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206 out of 215 people (95%) think this is worth consuming…


The Diamond Age: Or, a Young Lady's Illustrated Primer (Bantam Spectra Book)
by Neal Stephenson
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14 entries have been written about this.

A story about this — 6 years ago

WORTH CONSUMING!

I wasn’t sure about this when I started reading, but as soon as the story started to follow Nell, it picked up. It’s an interesting look at a not-hard-to-imagine future, and I like the way it explores and subverts its world, introducing a number of issues very relevant to our current way of life and never solves any of them.

Review Of The Diamond Age — 6 years ago

WORTH CONSUMING!

On the surface, there are quite a few similarities between The Diamond Age and Stephenson’s earlier work Snow Crash. Both are set in a moderately near future and ignore the typical science fiction topic of space travel. Both focus on the societal changes that technology might cause, notably the idea that people will organize themselves into separate but cooperating cultural and ethnic groups with small sovereign enclaves around the world. Both open by describing a character or life situation that will be quickly abandoned as a device for introducing the reader to the peculiarities of his world.

The only difference I noticed early was that the caustic wit with which Snow Crash was written seemed largely gone. Eventually I realized that The Diamond Age has a much looser plot and many more protagonists than its predecessor as well. Like Snow Crash, it ends rather abruptly, leaving quite a few frustratingly loose ends to the reader’s imagination.

Based on these observations, I expected to label The Diamond Age as a spectacular novel, but the lesser of the two. After finishing the section explaining Princess Nell’s journey through the seven lands of King Coyote, I am not so sure. An average reader might find this section boring, but to a computer scientist, they are sheer brilliance. I suspect that this may be how a literary expert feels when finding an allusion in some work to a long-lost poem or myth. If so, it would certainly explain why the literary elite love the works of Joyce and his ilk. Now that I have read about it, I desperately desire to undertake Princess Nell’s virtual adventures myself. In fact, I am shocked that the revealed contents of the Primer have not been adapted into an adventure game.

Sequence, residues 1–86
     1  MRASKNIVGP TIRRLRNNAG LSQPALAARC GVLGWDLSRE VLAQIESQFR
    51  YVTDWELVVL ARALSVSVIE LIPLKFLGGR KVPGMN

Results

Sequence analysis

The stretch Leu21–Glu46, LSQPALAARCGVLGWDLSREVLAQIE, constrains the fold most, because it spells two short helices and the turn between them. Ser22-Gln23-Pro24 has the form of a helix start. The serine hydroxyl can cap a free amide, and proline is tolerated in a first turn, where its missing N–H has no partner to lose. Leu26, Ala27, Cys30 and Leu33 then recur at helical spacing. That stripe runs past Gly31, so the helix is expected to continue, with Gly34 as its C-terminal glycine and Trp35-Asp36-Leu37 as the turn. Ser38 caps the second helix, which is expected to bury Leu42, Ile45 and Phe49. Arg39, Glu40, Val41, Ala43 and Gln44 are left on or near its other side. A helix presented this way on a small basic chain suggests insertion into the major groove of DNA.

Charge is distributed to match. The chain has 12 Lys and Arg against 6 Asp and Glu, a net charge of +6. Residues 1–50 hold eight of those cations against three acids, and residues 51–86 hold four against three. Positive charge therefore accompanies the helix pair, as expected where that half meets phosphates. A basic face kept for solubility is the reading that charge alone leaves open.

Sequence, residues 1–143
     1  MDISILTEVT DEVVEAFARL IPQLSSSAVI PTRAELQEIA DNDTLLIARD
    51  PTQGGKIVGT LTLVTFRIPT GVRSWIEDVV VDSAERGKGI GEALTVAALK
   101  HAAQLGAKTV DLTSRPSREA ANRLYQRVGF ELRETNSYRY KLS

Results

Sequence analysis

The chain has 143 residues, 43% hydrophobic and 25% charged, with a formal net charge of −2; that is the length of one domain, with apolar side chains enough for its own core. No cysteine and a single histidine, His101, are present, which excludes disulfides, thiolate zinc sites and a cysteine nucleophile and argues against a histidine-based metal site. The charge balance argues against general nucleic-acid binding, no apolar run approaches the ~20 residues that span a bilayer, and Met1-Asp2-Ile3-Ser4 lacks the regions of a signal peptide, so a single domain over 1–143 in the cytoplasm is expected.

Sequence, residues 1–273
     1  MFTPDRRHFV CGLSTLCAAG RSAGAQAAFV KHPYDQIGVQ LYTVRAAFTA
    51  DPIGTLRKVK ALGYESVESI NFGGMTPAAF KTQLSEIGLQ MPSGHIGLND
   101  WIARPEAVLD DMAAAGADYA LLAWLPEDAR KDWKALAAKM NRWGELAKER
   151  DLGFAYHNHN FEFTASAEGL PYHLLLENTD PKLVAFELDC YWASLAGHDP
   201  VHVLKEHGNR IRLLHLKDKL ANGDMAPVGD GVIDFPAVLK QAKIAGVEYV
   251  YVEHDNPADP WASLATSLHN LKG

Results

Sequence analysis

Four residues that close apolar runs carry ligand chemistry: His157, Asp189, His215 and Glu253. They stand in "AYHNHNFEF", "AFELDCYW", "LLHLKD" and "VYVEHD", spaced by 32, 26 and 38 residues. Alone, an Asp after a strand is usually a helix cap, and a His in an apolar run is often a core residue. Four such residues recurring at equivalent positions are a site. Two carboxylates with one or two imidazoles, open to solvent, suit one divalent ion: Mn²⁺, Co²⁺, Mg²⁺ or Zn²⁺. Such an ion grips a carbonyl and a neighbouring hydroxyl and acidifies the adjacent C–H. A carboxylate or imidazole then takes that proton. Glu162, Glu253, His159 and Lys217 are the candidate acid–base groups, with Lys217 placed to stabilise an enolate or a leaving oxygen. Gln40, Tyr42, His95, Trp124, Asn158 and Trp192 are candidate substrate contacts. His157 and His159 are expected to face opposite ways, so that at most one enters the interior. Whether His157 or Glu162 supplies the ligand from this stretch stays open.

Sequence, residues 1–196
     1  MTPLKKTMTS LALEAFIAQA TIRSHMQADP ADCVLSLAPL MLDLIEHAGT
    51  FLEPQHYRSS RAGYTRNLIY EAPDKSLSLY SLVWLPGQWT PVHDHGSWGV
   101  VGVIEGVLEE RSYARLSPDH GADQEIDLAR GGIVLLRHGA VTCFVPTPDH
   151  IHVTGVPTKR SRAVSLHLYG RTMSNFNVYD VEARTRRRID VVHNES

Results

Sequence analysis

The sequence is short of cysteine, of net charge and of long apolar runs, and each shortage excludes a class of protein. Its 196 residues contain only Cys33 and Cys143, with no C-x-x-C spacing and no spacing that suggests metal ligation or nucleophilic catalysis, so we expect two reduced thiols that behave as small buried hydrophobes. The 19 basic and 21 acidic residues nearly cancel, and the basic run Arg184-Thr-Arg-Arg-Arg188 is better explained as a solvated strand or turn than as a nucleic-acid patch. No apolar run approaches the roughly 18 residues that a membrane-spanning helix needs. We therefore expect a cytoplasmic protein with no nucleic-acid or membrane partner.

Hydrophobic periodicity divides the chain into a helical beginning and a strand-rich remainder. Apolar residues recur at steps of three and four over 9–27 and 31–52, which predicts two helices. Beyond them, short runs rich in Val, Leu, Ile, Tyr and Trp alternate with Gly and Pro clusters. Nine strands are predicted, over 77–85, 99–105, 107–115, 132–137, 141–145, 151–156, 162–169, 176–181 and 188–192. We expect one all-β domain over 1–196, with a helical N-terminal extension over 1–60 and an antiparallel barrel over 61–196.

I am still not sure that I would call The Diamond Age my favorite Stephenson work, but it is a masterpiece nonetheless.

A story about this — 6 years ago

NOT WORTH CONSUMING

Uncharacteristically, I had to slog a bit through this — the premise, setting and writer should have been a fantastic combination for me, but alas… not.

Why I recommend this — 7 years ago

WORTH CONSUMING!

Brilliant! As good as “Snow Crash,” easily. The concept is intensely extropian, and the execution is phenomenal.

I wish I liked it more — 7 years ago

I really really enjoyed the first half. I love the idea of the primer, I love their society structure, and I love the flaws the character themselves can detect in it.

Unfortunately, I couldn’t get into the second half, and the whole drummer story line.

CG

Why I recommend this — 8 years ago

WORTH CONSUMING!

This is the most enjoyable and accessible of Stephenson’s novels. I think it’s also my favorite.

A story about this — 8 years ago

WORTH CONSUMING!

My favorite book by Stephenson thus far. Though I haven’t read Zodiac, and I’m in the middle of Quicksilver, which I’m enjoying very much.

A story about this — 9 years ago

(listening to the audible.com version on mp3)

First read this 4 years ago… fantastic book!

(started mp3 on 2005/01/02 – completed 2005/01/14 – one of the best audiobooks I’ve ever heard!)

A story about this — 9 years ago

WORTH CONSUMING!

Bookblog’s selection for October 2003.

A story about this — 9 years ago

WORTH CONSUMING!

I loved it. Sure, it’s no Snow Crash, lacking the humour, but it’s still a great read.

A story about this — 9 years ago

WORTH CONSUMING!

Literate steampunk set in a nano-sculpted and affinity-based collectivized future. A unique possible vision of where we could be heading, and a good analysis of the possibilities and limitations inherent in the ever-changing interplay of the social, the economic, and the technological.

A story about this — 10 years ago

This book is a computer science 101 wrapped up in a fantastic story of a girl and her book.

A story about this — 10 years ago

Completed July, 2000

A story about this — 10 years ago

Wonderful read. Turing machines explained to boot. A real vision of what nanobots and computers in general will be like in the future.


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